Reference is made to my U.S. Pat. No. 5,407,975 for a disclosure of a relatively large system for processing high volumes of dry polymer at relatively high solution concentrations. My patent describes a system for placing the polymer in a more liquid state by bubbling air through the polymer solution. This system has solved most of the practical problems of hydrating or activating dry polymer. However, this patented system is a relatively large one adapted to process very large amounts of polymer. Therefore, it is both too large and too expensive for the small to mid-size user which processes only limited amounts of polymer at any given time. There is no clear boundary between large and small amounts of polymer; however, to give an example for convenience of description, a small scale user might process less than 500 pounds of dry polymer per day while a user of the system described in U.S. Pat. No. 5,407,975 might process more than 10,000 pounds per day.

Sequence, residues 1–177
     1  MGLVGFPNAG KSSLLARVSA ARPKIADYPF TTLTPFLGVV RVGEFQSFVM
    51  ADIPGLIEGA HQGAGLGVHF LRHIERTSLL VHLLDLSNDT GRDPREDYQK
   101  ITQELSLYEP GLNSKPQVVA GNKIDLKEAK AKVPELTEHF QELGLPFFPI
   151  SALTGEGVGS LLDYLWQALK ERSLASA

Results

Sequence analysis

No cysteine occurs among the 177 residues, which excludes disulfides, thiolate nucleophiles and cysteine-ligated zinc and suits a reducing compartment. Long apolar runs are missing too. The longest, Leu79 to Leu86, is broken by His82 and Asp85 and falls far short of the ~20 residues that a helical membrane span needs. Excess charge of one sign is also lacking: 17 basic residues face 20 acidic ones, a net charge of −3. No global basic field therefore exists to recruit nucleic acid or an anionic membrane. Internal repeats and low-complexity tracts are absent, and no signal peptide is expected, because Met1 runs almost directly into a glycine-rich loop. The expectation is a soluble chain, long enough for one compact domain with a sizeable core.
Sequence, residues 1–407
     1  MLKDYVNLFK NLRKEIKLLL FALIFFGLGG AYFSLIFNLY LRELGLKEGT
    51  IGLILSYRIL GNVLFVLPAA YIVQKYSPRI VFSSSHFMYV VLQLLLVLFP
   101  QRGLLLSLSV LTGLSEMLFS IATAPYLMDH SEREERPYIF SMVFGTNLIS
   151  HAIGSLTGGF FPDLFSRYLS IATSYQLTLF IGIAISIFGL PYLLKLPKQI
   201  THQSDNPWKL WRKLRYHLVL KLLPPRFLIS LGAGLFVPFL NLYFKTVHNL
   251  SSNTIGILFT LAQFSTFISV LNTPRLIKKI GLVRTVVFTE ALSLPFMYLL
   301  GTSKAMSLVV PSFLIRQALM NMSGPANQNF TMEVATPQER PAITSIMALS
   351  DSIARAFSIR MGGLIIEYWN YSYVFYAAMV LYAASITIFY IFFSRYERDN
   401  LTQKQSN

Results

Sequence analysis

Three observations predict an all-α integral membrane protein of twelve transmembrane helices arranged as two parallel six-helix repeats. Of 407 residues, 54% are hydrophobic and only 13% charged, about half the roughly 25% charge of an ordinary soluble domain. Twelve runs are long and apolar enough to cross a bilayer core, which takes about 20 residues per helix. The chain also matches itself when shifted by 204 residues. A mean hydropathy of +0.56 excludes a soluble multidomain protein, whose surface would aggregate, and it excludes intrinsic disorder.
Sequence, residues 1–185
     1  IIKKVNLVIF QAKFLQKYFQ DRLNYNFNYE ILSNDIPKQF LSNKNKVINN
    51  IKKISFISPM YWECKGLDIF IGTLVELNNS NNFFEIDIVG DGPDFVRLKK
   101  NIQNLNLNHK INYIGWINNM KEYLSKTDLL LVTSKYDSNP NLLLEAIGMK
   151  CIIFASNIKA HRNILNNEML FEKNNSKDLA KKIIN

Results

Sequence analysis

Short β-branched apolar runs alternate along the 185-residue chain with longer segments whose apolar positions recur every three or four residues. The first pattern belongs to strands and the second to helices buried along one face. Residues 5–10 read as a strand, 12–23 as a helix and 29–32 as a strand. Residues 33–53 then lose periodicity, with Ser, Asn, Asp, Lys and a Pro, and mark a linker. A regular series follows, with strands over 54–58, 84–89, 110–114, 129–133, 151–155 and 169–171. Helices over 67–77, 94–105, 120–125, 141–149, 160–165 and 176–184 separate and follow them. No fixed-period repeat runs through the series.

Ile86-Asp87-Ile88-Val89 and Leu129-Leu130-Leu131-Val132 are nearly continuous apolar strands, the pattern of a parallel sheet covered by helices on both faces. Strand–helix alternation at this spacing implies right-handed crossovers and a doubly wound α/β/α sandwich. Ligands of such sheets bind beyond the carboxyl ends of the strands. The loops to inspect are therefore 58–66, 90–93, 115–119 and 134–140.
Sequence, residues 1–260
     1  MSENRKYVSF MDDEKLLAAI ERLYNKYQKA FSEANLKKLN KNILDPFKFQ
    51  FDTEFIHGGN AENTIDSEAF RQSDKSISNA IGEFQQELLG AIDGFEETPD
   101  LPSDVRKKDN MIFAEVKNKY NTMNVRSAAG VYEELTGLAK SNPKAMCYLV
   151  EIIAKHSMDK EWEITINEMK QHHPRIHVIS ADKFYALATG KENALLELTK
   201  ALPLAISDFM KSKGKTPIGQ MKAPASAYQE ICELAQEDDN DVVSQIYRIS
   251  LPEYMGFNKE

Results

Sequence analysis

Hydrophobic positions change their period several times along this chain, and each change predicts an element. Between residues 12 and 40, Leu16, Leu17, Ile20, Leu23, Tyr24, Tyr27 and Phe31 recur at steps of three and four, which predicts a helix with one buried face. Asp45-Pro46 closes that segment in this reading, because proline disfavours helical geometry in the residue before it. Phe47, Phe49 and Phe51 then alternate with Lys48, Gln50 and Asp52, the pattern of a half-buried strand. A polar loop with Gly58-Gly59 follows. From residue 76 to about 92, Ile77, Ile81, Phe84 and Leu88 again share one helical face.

Hence, the small to mid-size user has a pressing need for a low cost system for processing limited amounts of dense, dry polymer. It is not too important for the low cost system to have all of the features of the large system of my patent as long as the basic hydration or activation of polymer is carried out.
Another important consideration is to provide a small system with almost no maintenance cost. Such a low cost involves a use of as many standard commercial items as possible. For example, specially designed and built hermetically sealed motors would likely escalate the cost of a small system beyond the reach of many small system users.
I have learned that, with a proper application and use of the electrolyte, my small and low cost machine can match and exceed the capabilities of most large scale polymer processing systems while continuing to satisfy the needs of the small volume user.
Accordingly, an object of the invention is to provide a very low cost system for processing, not only limited, but also large amounts of coarse, dry polymer, and any suitable amount of polymer between these limited and large amounts.